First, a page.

THE actor famous for playing Eric Catchpole in the Lovejoy television series has accused Chipping Campden School's headteacher of planning to control her pupils Big Brother-style.

Headteacher, Annette France, responded to Chris Jury's accusation by saying he was being alarmist and denying that new technology being installed at the school would threaten pupils' freedom.

Mr Jury, a Blockley resident whose children attend the Cidermill Lane school, made his accusation in an open letter to Ms France.

He was responding to a letter she circulated to her pupils' parents announcing biometric machines would be installed at the school.

Each of the 1,200 11-to-18-year-old pupils will be asked to insert a fingertip into one of the machines when arriving at school every day.

The machine will record the child's unique digital signature to identify him or her for electronic registration - intended to improve security - and cash-less catering which will remove the need for children to carry money to purchase school meals, thus reducing the likelihood of loss, bullying and theft and eliminating stigma associated with free school meals.

This technology will also shorten the time it takes pupils to be served school meals.

Parents can opt their children out of this system, which would see the youngsters use a card-swipe alternative.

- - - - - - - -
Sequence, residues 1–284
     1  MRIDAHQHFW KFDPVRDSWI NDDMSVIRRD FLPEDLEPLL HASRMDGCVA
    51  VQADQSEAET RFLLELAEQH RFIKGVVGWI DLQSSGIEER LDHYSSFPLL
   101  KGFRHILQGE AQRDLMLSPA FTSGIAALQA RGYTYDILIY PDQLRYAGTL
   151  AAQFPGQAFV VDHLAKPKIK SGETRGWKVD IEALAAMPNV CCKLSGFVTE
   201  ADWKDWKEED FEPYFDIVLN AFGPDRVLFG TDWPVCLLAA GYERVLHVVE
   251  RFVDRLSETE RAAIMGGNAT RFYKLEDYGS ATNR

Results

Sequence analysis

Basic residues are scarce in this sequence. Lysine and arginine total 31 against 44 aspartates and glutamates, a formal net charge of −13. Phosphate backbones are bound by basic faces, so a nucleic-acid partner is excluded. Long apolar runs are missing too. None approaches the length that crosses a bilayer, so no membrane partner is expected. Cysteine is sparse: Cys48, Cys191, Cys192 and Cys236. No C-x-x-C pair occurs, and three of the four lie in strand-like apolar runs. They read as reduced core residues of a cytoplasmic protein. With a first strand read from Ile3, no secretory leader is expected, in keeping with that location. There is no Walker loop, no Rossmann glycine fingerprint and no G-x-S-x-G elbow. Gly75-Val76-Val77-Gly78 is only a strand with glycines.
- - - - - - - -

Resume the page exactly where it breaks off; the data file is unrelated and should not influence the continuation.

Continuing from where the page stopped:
However, in his letter to Ms France, Mr Jury said he was disturbed by the introduction of the technology which he believes is the latest example of an authority seeking to infringe the public's freedom on the grounds that people need protection from various threats.

He said pupils will be exposed to the threat of being tracked and manipulated for sinister purposes, as in the novels Brave New World by Aldous Huxley and Nineteen Eight-Four by George Orwell.

Mr Jury, who has also directed episodes of the Eastenders TV soap opera, said: "I read Brave New World and 1984 while at school in the seventies, now my own children don't have to read about it - they can experience it everyday at their delightful Cotswold school.

"The use of this technology is simply not justified by your stated aims of reducing truancy and lunchtime queues.

"I urge you to reconsider this proposal."

Ms France said she wished Mr Jury had raised his concerns with her before going public.

She said third parties would not access the biometric data and the school already securely held the pupils' names, addresses and dates of birth.

Saying the technology was only being introduced because it was more efficient, Ms France added: "Mr Jury's being a bit alarmist.

"I'm not infringing human rights and I'm not managing their behaviour, I'm checking they are in lessons; it's my job."